A budget for business?
- 24 Mar
For the last few months I have been engaged in a simple, yet seemingly naive quest to get some clarity from each of the political parties on their policies for small business.
So far, I have had a hand-off from the Labour Party who, about a month ago, promised me a reply within 15 days; an apology from David Cameron who said that my first communication couldn’t be found and would I send it again so he could ignore it again; and nothing from the Lib Dems who you think would sell their own mother to get a cross in the box.
At least Alistair Darling has been forced to the dispatch box today to give me and every other business owner in the country, an account of what we can expect in the coming months should we entrust Labour with our vote.
The answer appears to be a series of modest, but well intentioned changes.
The Annual Investment Allowance, which gives us tax relief for capital expenditure, has been doubled to £100,000. Whilst the increase will provide a modest boost, it is only businesses that have the cash or the borrowing capability to invest above the current limit of £50,000 that will be able to benefit from it. Even if the allowance is fully utilised, it would only be worth £14,000 a year.
I, and I think most businesses, would prefer direct savings in tax and National Insurance over incentives to spend or borrow when business confidence is low and the availability of credit remains scarce. Liquidity is the key to our survival not debt and new machinery.
In this respect, the Chancellor shows that he is out of touch with the real needs of small business. He spurned the opportunity to reduce the headline rates of corporation tax and made no move to stall the 1% rise in employers’ NI, which is due to take effect from April next year: a clear sign that he believes taxing businesses on employing people is the best way to reduce the dole queues.
The promise of cuts in business rates for one year from October is more promising. There seems to be scant detail available on who will qualify and for what relief, but let us not look a gift horse in the mouth nor get our hopes too high.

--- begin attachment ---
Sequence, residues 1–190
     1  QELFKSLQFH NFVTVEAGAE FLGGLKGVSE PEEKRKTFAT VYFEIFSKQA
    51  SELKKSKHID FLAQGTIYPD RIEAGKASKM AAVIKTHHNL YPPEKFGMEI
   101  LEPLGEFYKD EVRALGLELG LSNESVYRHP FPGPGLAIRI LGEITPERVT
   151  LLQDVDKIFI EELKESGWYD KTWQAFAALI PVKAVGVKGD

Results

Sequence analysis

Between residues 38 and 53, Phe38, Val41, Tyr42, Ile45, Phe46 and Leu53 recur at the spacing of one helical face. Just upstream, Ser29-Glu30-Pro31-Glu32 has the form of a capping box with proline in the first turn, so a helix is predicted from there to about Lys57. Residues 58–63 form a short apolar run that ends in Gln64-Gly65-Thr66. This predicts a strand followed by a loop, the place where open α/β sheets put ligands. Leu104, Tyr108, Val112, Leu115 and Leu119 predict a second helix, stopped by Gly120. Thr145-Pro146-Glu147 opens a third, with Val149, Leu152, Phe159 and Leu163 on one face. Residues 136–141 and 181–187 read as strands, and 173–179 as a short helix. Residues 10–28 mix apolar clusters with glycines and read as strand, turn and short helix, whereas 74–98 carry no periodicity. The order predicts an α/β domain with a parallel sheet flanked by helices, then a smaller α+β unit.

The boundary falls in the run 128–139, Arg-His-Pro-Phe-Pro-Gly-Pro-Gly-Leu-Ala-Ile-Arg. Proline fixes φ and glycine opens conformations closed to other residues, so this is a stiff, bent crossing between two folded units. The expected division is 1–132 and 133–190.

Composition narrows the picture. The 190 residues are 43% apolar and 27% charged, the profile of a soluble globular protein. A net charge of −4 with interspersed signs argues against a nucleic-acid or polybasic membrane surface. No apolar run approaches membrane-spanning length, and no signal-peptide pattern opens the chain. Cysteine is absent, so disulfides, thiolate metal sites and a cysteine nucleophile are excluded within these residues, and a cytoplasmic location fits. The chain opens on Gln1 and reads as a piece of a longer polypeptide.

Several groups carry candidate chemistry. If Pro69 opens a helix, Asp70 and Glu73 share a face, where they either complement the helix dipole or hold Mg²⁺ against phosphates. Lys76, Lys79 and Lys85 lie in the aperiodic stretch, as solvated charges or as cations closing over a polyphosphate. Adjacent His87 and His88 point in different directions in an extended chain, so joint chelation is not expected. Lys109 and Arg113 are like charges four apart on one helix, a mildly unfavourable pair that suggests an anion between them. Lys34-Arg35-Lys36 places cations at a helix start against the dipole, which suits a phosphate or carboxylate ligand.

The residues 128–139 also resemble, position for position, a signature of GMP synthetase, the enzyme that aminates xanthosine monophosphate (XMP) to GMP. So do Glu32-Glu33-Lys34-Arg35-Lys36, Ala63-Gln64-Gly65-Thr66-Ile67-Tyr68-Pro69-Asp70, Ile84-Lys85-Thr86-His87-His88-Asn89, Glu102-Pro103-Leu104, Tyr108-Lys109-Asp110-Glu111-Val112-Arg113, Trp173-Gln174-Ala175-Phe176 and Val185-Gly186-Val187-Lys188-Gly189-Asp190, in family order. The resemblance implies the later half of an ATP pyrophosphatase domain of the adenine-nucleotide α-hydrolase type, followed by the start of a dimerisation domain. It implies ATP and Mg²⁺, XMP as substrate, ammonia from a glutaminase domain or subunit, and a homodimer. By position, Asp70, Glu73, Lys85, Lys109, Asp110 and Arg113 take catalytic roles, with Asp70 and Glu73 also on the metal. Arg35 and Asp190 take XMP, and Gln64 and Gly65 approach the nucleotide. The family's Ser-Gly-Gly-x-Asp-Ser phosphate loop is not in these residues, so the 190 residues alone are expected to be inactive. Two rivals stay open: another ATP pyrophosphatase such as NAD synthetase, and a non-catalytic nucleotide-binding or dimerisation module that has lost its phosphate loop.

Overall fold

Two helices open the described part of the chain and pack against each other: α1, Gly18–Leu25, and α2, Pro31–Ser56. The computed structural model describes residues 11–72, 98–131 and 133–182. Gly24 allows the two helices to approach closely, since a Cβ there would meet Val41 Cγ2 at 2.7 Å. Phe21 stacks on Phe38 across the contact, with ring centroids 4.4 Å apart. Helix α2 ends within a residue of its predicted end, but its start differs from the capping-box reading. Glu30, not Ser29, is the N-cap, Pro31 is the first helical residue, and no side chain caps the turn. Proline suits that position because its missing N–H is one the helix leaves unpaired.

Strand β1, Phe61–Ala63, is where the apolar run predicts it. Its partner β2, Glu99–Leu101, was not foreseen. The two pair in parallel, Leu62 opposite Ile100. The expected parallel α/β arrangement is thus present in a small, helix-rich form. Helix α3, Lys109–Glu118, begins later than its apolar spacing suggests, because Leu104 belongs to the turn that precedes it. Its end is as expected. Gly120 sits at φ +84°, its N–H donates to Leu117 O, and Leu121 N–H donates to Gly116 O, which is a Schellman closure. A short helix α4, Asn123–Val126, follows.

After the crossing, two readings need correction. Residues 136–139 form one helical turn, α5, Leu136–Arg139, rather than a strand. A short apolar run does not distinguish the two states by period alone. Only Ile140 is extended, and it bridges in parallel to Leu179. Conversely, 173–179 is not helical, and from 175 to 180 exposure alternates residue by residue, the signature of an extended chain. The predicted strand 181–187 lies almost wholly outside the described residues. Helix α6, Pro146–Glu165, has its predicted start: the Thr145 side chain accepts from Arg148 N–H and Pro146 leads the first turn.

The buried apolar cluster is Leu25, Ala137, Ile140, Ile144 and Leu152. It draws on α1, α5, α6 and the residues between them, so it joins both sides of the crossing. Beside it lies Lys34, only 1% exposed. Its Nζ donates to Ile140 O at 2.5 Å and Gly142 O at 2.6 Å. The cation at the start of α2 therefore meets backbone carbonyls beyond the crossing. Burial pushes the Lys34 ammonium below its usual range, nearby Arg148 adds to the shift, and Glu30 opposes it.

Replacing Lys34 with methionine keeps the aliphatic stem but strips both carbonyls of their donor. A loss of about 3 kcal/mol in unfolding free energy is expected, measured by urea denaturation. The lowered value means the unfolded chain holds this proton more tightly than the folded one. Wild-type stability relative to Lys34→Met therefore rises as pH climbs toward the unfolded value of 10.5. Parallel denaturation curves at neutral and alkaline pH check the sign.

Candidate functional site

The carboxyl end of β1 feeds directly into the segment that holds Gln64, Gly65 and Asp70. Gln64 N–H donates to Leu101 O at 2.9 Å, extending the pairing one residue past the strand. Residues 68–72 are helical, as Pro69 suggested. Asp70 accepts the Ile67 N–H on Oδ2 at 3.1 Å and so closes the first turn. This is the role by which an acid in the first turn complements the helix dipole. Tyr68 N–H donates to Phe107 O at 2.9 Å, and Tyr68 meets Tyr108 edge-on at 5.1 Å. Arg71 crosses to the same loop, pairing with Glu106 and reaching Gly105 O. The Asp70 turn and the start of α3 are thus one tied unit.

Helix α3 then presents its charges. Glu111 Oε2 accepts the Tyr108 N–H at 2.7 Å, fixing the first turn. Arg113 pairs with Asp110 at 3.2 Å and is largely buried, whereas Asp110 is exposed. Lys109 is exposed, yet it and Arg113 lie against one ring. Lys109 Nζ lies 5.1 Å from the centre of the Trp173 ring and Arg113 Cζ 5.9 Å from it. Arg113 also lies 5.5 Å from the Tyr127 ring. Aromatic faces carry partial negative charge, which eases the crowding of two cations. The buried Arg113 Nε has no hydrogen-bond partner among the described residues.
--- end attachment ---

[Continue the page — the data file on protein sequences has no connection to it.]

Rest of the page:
The extension of the time to pay scheme is another welcome move. We haven’t needed to make use of this facility, but it is nonetheless reassuring to know that HMRC will play its part should we find ourselves in distress.
For the best news, it seems we have to wait until our ship finally comes in. Entrepreneurs’ relief has been doubled from £1m to £2m, providing an effective Capital Gains Tax rate of 10% on any gains that we make up to this level. Best get my finger out then and build some value.
The biggest factor though is not the impact of individual measures on individual businesses, but where the economy is going in general nationally and globally. Business is about confidence and when the confidence runs out the impact on small businesses is cataclysmic.
We are in the midst of our worse crisis for seven decades and our vote has to be cast on who with think is delivering the most sensible response. Do we believe that the impact of the recession has been minimised by the present government or caused by it? Do we think that we need to make the present government see through its actions or is it time for change?
Darling has been forced to err on the side of caution and avoid any radical changes for fear of it being branded electioneering. I, like many business people in the South East, see it as a missed opportunity to give a much clearer indication that the Labour Party is the party for business.
The question remains, who is?